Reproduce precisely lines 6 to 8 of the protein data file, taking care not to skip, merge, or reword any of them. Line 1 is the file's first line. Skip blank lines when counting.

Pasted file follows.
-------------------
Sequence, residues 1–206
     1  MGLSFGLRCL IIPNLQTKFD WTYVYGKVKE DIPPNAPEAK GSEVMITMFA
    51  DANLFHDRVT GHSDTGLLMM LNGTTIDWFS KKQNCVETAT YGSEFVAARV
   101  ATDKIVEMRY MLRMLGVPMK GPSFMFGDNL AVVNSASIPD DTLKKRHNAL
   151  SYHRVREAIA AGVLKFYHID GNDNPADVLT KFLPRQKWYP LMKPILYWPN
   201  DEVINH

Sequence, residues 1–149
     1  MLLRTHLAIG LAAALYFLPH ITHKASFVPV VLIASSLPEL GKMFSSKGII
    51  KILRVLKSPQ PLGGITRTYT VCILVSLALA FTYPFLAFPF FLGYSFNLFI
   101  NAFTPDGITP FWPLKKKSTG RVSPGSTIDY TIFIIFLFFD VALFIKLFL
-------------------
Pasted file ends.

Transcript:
   201  DEVINH

Sequence, residues 1–149
     1  MLLRTHLAIG LAAALYFLPH ITHKASFVPV VLIASSLPEL GKMFSSKGII